22. Medieval village life.

    The peasants got all kinds of diseases because they kept the animal inside. when some one made food for the lord one off the servant had to check if it is not food poisoned. The kitchens were separated so they had to go outside and make the food. The dinner was eaten at 10-11 o'clock. They would eat as much as they could because could afford salt for the meat in winter. But the peasant had to feed there pig to make sure that they are fat and there is enough to eat in winter then they will kill the pig to have them for there super at winter time.

    • Word count: 566
  23. Why Do the Induction Scenes Make an Effective Opening To the Play?

    Shakespeare chose this method of play writing to encourage intrigue towards understanding the characters. In Induction One, Sly is causing a disturbance outside of an alehouse, after refusing to pay for the damage he has caused; there is a vocal dispute and before it is resolved Sly falls asleep on the floor. It is at this point that the Lord, back from a hunt, arrives and discovers him. He and his serving men take him back to the castle and devise a plan to deceive Sly into thinking he's someone he's not. In Induction Two, Sly awakens to discover that he is surrounded by serving men.

    • Word count: 868
  24. Themes in ‘An Ideal Husband’

    It is also about the love between Sir Robert Chiltern's best friend, lord Goring, the young bachelor and Mabel, Chiltern's younger sister. The theme of love occurs in the relationship between Robert Chiltern and Gertrude, Gertrude loves Robert with a disarming lack of guile. Robert loves Gertrude so much, he would wreck his whole career, make any sacrifice for her love. Love is also present between Lord Goring, Mabel and lady Cheveley. Lady Cheveley and Lord Goring were in love before, they were engaged at a time but now lord Goring is in love with the free spirited Mabel Chiltern, so he refused the proposal of Mrs.

    • Word count: 574

Conclusion analysis

Good conclusions usually refer back to the question or title and address it directly - for example by using key words from the title.
How well do you think these conclusions address the title or question? Answering these questions should help you find out.

  1. Do they use key words from the title or question?
  2. Do they answer the question directly?
  3. Can you work out the question or title just by reading the conclusion?
  • In this essay I am going to analyse the characters of Shrek and Lord Farquaad and write about how the film makers use different interpretations making Shrek as good and the Prince as evil to create an unusual fairytale.

    "After analysing the characters of Shrek and Lord Farquaad, I have come to the conclusion that although Shrek seems like a traditional ogre he is not. Shrek has the Donkey and other friends, he rescues Princess Fiona, which is really a knights job and finds true love by marrying Princess Fiona. Although Lord Farquaad looks like a lord, his actions suggest that he is evil. He tortured the gingerbread man, he stole Shreks swamp, he made the knights fight Shrek, rejected the princess when he found out after sunset she becomes an ogre but he still wanted to become king. He is an extremely lazy and selfish person. The story of Shrek uses presentational devices to reverse our expectations this makes a good film not just because of the devices that the film makers use to influence the viewers. The viewer feels that Shrek is a far nicer character than Lord Farquaad even though by glance does not look like he is. Lord Farquaad looks important but is a bitter, twisted evil person."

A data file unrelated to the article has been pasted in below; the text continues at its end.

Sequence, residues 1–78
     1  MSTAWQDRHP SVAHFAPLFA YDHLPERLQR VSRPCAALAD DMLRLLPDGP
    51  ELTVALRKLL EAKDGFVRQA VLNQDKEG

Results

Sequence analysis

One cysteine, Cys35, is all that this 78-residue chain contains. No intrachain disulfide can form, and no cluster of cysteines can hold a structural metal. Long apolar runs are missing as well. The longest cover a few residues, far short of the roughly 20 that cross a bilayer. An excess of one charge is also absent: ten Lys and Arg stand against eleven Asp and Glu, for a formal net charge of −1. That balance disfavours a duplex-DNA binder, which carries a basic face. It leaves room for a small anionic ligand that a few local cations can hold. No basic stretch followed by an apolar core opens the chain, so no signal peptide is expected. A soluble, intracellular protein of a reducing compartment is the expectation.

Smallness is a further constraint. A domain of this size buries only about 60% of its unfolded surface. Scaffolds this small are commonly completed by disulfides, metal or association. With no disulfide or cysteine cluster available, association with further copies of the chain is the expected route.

• In this essay, I am going to analyse the characters of Shrek and Lord Farquaad, and write about how film makers use different presentational devices to create an unusual fairytale.

    "After analyzing the characters of Shrek and Lord Farquaad, I have come to the conclusion that although Shrek seems like a traditional orge he isn't because Shrek has friends like Donkey, normal orge's would probably have eaten the Princess not rescued her, Shrek also falls in love with the Princess and Shrek and Princess Fiona get married. Although Lord Farquaad looks like a Lord, his actions suggest that he is evil. Examples of Lord Farquaad's evil side is when he tortures the gingerbread man, when he dumps all the fairytale creatures in Shrek's swamp, he gets the knights to try and beat up Shrek and when he sees what Princess Fiona looks like when the sun goes down he says 'Get that out of my sight' and because he wants to become king so bad he says the marriage is legal. The story of Shrek uses presentational devices to reverse our expectations, so that by the end of the film the viewers know that 'Shrek' is a modern fairytale, because the characters of Lord Farquaad and Shrek have been switched. What I learnt from this story is that the times are changing and that fairytales are becoming modern and all the characters are switched or the story plots change."

  • Shrek - In this essay, I am going to analyse the characters of Shrek and Lord Farquaad, and write about how filmmakers use different presentational devices to create an unusual fairy tale.

    "After analysing the characters of Shrek and Lord Farquaad, I have come to the conclusion that although Shrek seems like a traditional ogre he is really a kind, loving soul who has good friends, rescues the Princess without causing much harm to anyone and finds love and gets married. Although Lord Farquaad looks like a Lord, his actions suggest that he is evil. He steals Shrek's swamp and makes him rescue Princess Fiona to get it back, he tortures the Gingerbread Man, rejects the Princess when he finds out he secret and falsely claims kingship. The story of Shrek uses presentational devices to reverse our expectations, so that by the end of the film the viewers know that Shrek is the good guy and Lord Farquaad is the evil guy. Perhaps the message of the story is that you can't judge a book by the cover."